The first NHS hearing aid

How the General Post Office helped to create the first NHS hearing aid 

This post is based on research carried out by Coreen McGuire and Sean McNally at the University of Leeds. The project is funded by the Arts and Humanities Research Council and supervised by Professor Graeme Gooday and looks at the interaction between telecommunications and hearing loss. BT is a collaborative partner in the project along with Action on Hearing Loss and the Thackray Medical Museum.

Why is BT involved?

BT’s predecessor, the General Post Office (GPO) was responsible for the UK’s telecommunication networks.

BT still holds archive material for the GPO and is working with researchers to uncover the fascinating history of telecommunication technologies for those with hearing loss.

What has the project uncovered?

The telephone for deaf subscribers leafletFirst, early telephones were not powerful enough for those with severe hearing loss.

These individuals often found themselves excluded from this pioneering technology.

The GPO was receptive to the needs of these customers and sought to work with them to address the problem. The result was the first amplified telephone, Repeater 9A, which was developed from technology developed by the GPO for use in the trenches during the First World War.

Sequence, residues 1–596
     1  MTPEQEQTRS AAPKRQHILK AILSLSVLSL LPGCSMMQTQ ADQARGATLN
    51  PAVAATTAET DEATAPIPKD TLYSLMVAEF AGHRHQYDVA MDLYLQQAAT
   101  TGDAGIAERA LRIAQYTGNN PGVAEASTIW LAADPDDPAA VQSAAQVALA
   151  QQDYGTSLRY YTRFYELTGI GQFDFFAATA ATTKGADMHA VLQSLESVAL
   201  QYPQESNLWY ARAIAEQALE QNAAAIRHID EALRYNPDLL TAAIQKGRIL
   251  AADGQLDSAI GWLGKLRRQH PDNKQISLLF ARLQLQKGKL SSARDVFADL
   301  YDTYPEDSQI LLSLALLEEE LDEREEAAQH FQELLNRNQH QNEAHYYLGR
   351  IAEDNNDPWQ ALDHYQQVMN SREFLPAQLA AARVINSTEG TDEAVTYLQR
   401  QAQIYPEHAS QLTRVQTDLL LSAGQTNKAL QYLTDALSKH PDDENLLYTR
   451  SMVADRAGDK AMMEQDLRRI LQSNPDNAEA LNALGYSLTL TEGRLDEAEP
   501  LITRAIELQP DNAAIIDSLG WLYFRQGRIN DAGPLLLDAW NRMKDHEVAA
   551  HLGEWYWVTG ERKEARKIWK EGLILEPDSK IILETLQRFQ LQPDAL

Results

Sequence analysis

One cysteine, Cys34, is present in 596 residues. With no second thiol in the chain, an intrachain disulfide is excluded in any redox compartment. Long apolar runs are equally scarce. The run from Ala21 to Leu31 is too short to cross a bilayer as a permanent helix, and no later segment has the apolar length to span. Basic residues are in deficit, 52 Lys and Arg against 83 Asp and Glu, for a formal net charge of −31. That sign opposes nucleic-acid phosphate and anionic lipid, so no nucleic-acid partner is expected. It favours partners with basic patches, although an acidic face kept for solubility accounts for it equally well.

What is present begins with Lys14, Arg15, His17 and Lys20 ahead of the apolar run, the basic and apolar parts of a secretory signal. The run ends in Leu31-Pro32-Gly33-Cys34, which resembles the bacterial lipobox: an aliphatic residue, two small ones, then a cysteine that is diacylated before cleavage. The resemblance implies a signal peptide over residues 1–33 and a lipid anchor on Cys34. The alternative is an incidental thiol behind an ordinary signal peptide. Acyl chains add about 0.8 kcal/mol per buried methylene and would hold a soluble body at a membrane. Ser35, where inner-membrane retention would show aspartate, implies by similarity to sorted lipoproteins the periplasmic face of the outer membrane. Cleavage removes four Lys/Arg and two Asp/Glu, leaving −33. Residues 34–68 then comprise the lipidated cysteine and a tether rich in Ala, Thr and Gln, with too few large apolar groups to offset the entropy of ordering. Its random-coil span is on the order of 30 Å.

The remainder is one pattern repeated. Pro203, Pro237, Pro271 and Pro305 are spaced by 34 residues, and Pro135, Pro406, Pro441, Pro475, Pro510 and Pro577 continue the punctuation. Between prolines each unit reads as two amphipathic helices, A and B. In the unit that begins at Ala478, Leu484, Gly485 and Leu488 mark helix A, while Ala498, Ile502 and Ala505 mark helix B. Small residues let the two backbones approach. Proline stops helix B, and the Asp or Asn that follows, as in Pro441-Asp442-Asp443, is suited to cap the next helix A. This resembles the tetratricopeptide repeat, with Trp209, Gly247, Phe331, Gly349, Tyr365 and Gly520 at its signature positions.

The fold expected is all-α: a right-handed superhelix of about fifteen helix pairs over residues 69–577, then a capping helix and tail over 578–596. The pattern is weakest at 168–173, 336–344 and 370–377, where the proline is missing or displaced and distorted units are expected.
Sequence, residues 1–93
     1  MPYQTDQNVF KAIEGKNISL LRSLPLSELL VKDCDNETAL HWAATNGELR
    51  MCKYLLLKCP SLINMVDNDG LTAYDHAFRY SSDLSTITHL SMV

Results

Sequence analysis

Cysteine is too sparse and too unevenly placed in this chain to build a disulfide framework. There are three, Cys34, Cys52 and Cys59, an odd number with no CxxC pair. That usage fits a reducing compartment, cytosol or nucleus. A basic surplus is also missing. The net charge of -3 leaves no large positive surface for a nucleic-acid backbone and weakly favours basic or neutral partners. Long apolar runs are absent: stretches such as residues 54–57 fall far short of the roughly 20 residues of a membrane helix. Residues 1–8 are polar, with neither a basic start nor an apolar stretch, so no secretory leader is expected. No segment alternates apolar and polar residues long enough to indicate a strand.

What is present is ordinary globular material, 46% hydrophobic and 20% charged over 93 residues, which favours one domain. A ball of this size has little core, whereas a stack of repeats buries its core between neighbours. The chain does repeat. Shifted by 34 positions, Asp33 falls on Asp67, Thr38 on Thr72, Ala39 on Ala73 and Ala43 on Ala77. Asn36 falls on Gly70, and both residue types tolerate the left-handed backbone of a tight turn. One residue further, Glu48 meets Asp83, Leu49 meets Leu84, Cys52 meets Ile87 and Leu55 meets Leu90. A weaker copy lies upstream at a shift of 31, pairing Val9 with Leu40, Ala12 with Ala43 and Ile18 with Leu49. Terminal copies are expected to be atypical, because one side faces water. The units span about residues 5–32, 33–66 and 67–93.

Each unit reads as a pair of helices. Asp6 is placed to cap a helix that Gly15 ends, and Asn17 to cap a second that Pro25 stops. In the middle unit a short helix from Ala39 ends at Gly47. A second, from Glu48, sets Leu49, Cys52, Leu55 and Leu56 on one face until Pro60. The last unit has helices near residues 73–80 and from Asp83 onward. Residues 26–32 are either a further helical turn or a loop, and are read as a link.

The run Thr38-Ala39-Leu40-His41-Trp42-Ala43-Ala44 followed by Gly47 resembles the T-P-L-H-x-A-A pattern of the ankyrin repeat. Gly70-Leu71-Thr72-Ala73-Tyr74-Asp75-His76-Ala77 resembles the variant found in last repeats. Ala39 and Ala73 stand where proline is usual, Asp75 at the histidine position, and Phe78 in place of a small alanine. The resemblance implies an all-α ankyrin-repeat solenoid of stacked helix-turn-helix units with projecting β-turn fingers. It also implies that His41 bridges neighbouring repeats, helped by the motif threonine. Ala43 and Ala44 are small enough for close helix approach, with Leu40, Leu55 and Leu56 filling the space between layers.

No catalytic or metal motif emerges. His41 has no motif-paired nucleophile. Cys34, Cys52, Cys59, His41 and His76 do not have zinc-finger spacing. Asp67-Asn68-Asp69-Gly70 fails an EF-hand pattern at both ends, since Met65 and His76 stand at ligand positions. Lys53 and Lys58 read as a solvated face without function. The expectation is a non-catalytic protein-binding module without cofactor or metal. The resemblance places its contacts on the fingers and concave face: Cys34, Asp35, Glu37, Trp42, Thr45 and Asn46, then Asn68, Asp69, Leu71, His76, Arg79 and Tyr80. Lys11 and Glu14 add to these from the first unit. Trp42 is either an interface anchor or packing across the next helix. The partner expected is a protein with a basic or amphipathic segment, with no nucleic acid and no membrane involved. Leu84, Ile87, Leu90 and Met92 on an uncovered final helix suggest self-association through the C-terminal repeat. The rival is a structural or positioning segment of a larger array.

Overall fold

The struggles of the Second World War worsened the conditions for those with hearing loss. In response, the Medical Research Council (MRC) commissioned a number of research projects.

This led to the development of a state-manufactured hearing aid.

At this time the GPO Research Station at Dollis Hill in London was undertaking pioneering research in telecommunications and was heavily involved in developing technologies to aid the war effort.

Despite this Post Office Engineers were able to lend their technical expertise to the hearing aid project.

What was the result?

Medresco hearing aidThe result of this project was the mass-produced ‘Medresco’ hearing aid which was issued free of charge by the NHS in 1948.

Over the course of the next three decades the Medresco provided auditory assistance to hundreds of thousands of people who had previously been excluded due to the prohibitive cost of commercial devices.

It would also prove influential overseas - the issue of NHS hearing aids free of charge was part of the inspiration for similar legislation in Denmark in the early 1950s.

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